This may seem like the winter that won’t end, but that’s no excuse to delay spring cleaning your tech.
The first round this year has to be your passwords. Even if you’re not normally too conscientious in this regard, all of the press on the Heartbleed bug should give you the kick-start you need.
If you haven’t heard already, and it would be hard to avoid the topic, Heartbleed is a recently announced vulnerability in online communication security implemented using the open source toolkit called OpenSSL.
Think of SSL (Secure Socket Layer) as a scrambler for online communication. You’ll notice that a website is using SSL if the web addresses in your browser have an “s” in addition to the regular “http.”
That extra “s” is often accompanied by the image of a padlock, giving you the extra reassurance that your communication is locked down.
It is well known that online communication may be intercepted while it is transferred to and from your computer. The idea behind SSL is to make that communication unreadable without the secure key to the scrambled message. And that’s where the Heartbleed bug comes in.
When exploited, this bug allows an attacker to request small extra bits of information from your computer while it is using the supposedly secure method of communication. Once enough information has been collected, the attacker then sorts through and can find the private key required to unlock all of the scrambled data, including your username and password.
What makes Heartbleed so scary is the scope of the vulnerability. First, the vulnerable version of OpenSSL was released more than two years ago.
That is an incredibly wide window of opportunity. Second, OpenSSL is so widely implemented that it is estimated that two thirds of servers around the world use it. Not all of these have the vulnerable version of OpenSSL but it is still incredibly widespread.
What can you do?
Since this vulnerability is found on servers around the world, fixing it directly is out of your control. What you can do is practice good password hygiene.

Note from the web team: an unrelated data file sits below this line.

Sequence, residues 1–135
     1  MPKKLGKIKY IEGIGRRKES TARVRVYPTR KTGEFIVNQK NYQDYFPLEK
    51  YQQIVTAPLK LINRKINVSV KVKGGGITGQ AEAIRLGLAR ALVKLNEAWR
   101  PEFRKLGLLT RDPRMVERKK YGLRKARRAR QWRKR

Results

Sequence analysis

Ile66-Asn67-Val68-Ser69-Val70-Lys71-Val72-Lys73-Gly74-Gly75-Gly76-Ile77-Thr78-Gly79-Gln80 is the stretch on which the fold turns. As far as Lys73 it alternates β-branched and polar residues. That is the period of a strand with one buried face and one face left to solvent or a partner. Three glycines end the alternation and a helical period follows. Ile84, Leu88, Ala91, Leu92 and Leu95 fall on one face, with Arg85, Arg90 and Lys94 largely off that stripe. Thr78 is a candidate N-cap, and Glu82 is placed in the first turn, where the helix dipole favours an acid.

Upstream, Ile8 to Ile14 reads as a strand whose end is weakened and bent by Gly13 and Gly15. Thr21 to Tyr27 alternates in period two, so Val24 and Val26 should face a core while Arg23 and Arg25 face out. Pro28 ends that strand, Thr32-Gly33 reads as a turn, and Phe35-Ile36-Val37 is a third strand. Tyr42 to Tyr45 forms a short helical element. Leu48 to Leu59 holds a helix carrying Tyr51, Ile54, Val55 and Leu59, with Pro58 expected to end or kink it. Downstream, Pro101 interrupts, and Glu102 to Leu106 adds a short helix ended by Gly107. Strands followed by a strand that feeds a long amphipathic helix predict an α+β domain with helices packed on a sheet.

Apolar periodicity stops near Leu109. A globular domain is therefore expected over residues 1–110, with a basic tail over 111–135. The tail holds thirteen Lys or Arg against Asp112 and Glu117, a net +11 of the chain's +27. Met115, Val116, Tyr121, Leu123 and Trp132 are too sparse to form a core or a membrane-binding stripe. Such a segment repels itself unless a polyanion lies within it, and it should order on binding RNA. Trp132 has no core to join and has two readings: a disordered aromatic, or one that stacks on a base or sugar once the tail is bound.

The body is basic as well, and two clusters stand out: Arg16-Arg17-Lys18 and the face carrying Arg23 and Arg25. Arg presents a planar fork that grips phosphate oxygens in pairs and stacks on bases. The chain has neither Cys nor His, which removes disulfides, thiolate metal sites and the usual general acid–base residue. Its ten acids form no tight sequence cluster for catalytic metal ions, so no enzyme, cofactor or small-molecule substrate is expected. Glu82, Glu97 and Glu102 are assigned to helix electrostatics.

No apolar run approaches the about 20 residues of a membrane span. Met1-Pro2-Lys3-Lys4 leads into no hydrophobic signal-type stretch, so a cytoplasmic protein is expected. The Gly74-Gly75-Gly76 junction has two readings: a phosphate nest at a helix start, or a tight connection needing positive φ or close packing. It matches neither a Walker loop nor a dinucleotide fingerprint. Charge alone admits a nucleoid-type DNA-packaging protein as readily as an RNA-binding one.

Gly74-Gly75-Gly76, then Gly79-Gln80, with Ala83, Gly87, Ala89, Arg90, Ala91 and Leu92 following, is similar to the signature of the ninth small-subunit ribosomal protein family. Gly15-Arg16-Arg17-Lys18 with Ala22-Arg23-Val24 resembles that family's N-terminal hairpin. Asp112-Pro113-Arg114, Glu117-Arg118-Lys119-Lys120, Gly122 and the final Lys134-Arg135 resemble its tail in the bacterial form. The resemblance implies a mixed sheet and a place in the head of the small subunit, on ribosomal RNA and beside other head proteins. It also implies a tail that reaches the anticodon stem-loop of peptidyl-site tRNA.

Most of the affected servers out there have been patched at this point so you can go ahead and start updating your passwords. In many cases you have already received an email directing you to do just that. Until the servers were actually patched there was no point to doing so because an attacker could read your new password as easily as it did your old one.
If you aren’t sure if a particular service was vulnerable or if it has been patched yet, look it up. Not sure if you need to bother? Here’s a quick rundown of a few of the many websites and services affected: Facebook, Google (gmail, YouTube), Yahoo, Tumblr, Instagram, Pinterest, Netflix, Etsy and even the Canada Revenue Agency.
A couple of ideas for password hygiene. First of all, stop thinking of it as a word.
Try a phrase instead. A handy trick is to think of a quote that you will always remember and then pick the first or second letter from each word in that quote.
Toss in a couple of special characters and numbers and you’re all set. Next, and you may not like this, use a different password everywhere.
Seriously, if someone can get access to a single account, it’s a no brainer to get access to the rest if your passwords are the same. Finally, make password changes a regular thing. Every three months is a good rule of thumb.
Jon Reid is an IT professional working in Corner Brook. His column appears every other Tuesday in The Western Star.